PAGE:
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Non-high density lipoprotein cholesterol versus low density lipoprotein cholesterol as a discriminating factor for myocardial infarction.

Abstract

BACKGROUND

Serum total cholesterol (TC) and LDL cholesterol (LDL-C) have been used as major laboratory measures in clinical practice to assess cardiovascular risk in the general population and disease management as well as prognosis in patients. However, some studies have also reported the use of non-HDL cholesterol (non-HDL-C). As non-HDL-C can be calculated by subtracting HDL-C from TC, both of which do not require fasting blood sample in contrast to LDL-C which requires fasting blood sample, we aimed to compare non-HDL-C with LDL-C as a predictor of myocardial infarction (MI).

METHODS

This hospital based cross sectional study was undertaken among 51 cases of MI and equal number of controls. MI was diagnosed based on the clinical history, ECG changes and biochemical parameters. 5 mL of fasting blood sample was collected from each research participant for the analysis of lipid profile. Non-HDL-C was calculated by using the equation; Non-HDL-C = TC - HDL-C. Statistical analysis was performed using SPSS 14.0.

RESULTS

42 MI cases were dyslipidemic in contrast to 20 dyslipidemic subjects under control group. The differences in the median values of each lipid parameter were statistically significant between MI cases and controls. The lipid risk factors most strongly associated with MI were HDL-C (OR 5.85, 95% CI 2.41-14.23, P value = 0.000) followed by non-HDL-C (OR 3.77, 95% CI 1.64-8.66, P value = 0.002), LDL-C/HDL-C (OR 3.38, 95% CI 1.44-7.89, P value = 0.005), TC/HDL-C (OR 2.93, 95% CI 1.36-7.56, P value = 0.026), LDL-C (OR 2.70, 95% CI 1.20-6.10, P value = 0.017), TC (OR 2.68, 95% CI 1.04-6.97, P value = 0.042) and Tg (OR 2.54, 95% CI 1.01-6.39, P value = 0.047). Area under the receiver operating curve was greater for non-HDL-C than for LDL-C. Non-HDL-C was also found to be more sensitive and specific than LDL-C for MI.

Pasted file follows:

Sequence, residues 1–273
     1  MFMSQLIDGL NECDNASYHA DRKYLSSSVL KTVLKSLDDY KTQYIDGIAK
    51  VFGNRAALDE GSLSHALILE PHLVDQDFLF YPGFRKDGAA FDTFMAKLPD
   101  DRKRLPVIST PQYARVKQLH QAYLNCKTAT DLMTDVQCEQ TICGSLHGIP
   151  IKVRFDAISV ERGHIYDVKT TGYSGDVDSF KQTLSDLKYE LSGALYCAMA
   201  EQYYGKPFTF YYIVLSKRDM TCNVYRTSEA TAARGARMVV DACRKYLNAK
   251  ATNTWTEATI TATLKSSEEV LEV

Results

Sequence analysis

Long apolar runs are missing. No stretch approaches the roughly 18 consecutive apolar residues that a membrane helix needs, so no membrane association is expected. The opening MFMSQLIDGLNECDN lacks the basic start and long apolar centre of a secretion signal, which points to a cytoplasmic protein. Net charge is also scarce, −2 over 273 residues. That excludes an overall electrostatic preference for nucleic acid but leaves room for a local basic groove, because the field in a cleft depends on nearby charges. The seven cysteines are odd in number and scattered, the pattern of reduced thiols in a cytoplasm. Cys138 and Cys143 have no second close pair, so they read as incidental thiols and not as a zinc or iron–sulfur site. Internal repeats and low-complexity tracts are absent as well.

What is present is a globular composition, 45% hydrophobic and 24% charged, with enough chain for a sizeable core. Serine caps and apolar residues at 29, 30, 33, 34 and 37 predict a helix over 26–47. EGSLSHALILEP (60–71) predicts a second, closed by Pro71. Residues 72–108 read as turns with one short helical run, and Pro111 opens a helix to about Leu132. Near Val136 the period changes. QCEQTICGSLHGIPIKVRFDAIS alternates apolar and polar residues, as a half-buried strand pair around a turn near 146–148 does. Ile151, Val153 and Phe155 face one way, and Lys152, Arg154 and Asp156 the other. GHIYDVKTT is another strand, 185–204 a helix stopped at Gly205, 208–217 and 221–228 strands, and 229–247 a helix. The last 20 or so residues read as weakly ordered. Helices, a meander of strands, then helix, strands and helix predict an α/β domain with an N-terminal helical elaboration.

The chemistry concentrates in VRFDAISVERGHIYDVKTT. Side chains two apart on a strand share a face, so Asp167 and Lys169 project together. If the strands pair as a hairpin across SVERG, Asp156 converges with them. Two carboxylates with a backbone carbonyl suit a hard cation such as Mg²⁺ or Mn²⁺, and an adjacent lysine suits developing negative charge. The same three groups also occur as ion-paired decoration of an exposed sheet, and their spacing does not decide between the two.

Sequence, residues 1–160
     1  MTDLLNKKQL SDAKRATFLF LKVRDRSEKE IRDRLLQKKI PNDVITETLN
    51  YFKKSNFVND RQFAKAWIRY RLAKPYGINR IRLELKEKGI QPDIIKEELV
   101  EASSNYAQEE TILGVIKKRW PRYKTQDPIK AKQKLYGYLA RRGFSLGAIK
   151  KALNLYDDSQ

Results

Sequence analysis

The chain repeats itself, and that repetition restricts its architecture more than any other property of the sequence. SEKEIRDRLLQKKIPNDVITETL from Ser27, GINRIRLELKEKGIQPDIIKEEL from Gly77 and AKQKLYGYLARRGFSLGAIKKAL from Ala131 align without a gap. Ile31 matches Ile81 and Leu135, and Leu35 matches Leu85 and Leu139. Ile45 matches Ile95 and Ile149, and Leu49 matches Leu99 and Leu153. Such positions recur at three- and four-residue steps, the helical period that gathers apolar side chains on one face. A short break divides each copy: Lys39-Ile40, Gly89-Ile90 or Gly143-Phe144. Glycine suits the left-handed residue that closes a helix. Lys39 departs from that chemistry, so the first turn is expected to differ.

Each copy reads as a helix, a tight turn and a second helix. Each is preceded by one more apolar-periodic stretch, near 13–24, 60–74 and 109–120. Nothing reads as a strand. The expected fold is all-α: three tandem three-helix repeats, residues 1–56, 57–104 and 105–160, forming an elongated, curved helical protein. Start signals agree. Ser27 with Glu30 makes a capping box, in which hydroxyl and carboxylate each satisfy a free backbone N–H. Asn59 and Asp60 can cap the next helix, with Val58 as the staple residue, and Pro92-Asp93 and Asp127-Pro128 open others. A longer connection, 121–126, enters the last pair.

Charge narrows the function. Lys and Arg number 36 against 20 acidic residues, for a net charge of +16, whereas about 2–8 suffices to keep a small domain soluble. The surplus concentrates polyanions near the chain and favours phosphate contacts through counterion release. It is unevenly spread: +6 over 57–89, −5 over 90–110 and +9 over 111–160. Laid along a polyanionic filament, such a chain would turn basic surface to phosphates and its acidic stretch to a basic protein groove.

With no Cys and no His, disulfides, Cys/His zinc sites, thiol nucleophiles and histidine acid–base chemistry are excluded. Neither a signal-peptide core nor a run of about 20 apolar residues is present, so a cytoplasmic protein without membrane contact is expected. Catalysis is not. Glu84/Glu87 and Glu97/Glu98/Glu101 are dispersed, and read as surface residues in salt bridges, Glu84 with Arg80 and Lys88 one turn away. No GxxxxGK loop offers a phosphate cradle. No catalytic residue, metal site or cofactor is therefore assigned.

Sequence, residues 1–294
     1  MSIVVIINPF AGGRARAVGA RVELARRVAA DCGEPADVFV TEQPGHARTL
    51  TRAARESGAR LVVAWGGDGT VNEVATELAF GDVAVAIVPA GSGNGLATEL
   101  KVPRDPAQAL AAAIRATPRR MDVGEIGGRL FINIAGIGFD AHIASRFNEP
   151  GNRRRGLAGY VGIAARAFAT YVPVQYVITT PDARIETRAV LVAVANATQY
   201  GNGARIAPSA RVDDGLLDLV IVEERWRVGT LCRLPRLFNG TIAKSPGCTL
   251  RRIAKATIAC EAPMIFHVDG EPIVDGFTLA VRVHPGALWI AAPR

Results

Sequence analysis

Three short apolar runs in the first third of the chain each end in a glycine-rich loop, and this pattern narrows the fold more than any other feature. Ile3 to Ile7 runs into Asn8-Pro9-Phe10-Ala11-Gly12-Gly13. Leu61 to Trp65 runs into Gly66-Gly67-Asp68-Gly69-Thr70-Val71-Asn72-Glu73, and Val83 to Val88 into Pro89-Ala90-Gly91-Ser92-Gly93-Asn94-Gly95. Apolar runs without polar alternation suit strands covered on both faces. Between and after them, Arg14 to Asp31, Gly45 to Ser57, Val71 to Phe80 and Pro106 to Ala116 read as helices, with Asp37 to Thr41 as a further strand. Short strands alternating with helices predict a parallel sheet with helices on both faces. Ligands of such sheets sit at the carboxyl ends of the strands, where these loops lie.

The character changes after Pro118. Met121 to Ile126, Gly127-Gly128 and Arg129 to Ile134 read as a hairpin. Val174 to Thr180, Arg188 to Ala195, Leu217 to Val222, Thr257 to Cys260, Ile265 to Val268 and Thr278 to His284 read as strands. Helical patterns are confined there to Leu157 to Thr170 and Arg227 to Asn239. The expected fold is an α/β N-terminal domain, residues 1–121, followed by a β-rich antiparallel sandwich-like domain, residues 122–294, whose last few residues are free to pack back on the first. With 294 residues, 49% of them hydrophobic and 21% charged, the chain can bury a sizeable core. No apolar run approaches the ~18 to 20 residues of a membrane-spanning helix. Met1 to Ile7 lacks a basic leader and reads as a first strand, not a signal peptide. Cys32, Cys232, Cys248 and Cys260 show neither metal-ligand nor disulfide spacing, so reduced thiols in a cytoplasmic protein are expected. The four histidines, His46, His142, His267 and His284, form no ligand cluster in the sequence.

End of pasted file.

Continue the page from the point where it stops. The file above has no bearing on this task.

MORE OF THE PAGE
CONCLUSIONS

HDL-C and non-HDL-C are better discriminating parameters than LDL-C for MI. Thus, we can simply perform test for HDL-C and non-HDL-C both of which do not require fasting blood sample rather than waiting for fasting blood sample to measure LDL-C.

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  • Authors+Show Affiliations

    ,

    Department of Biochemistry, Manipal College of Medical Sciences, Pokhara, Nepal. manoj.sigdel@hotmail.com

    , , , , ,

    Source

    BMC research notes 5: 2012 Nov 17 pg 640

    MeSH

    Adult
    Aged
    Aged, 80 and over
    Case-Control Studies
    Cholesterol
    Cholesterol, HDL
    Cholesterol, LDL
    Cross-Sectional Studies
    Fasting
    Female
    Humans
    Male
    Middle Aged
    Myocardial Infarction
    ROC Curve
    Reference Values
    Risk Factors
    Triglycerides

    Pub Type(s)

    Journal Article
    Research Support, Non-U.S. Gov't

    Language

    eng

    PubMed ID

    23158803

    Citation

    Sigdel, Manoj, et al. "Non-high Density Lipoprotein Cholesterol Versus Low Density Lipoprotein Cholesterol as a Discriminating Factor for Myocardial Infarction." BMC Research Notes, vol. 5, 2012, p. 640.
    Sigdel M, Yadav BK, Gyawali P, et al. Non-high density lipoprotein cholesterol versus low density lipoprotein cholesterol as a discriminating factor for myocardial infarction. BMC Res Notes. 2012;5:640.